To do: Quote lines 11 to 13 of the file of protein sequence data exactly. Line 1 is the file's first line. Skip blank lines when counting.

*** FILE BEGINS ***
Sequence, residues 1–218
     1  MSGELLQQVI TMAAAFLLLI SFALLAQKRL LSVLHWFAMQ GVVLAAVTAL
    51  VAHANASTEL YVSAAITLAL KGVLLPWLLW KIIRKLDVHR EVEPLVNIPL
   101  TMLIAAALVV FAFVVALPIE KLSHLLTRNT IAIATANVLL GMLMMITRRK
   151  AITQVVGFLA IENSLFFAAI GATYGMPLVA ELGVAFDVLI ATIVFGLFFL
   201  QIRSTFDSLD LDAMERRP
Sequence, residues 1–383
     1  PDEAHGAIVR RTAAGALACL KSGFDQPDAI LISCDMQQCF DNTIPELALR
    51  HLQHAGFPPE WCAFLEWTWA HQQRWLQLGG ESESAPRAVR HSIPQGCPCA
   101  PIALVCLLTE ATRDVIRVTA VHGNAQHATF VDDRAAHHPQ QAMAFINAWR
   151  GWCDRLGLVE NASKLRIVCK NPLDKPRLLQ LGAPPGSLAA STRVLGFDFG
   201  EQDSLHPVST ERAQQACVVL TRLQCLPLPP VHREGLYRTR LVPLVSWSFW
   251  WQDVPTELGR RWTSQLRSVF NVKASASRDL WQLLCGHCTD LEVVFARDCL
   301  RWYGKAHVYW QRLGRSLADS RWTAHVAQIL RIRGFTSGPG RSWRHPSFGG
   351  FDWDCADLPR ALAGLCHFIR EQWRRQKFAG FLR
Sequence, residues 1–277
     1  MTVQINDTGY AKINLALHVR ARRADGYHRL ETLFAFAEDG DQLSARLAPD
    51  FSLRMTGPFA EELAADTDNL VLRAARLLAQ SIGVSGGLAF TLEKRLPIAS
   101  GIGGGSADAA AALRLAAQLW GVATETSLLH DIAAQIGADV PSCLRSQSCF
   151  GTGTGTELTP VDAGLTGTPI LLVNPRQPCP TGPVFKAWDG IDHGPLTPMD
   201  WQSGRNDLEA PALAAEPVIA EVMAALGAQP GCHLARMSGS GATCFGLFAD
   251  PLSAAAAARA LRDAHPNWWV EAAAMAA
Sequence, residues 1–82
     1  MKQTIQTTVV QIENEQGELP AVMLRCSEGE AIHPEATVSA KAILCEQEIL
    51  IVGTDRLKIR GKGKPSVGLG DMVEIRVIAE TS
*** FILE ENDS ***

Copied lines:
   151  GWCDRLGLVE NASKLRIVCK NPLDKPRLLQ LGAPPGSLAA STRVLGFDFG
   201  EQDSLHPVST ERAQQACVVL TRLQCLPLPP VHREGLYRTR LVPLVSWSFW
   251  WQDVPTELGR RWTSQLRSVF NVKASASRDL WQLLCGHCTD LEVVFARDCL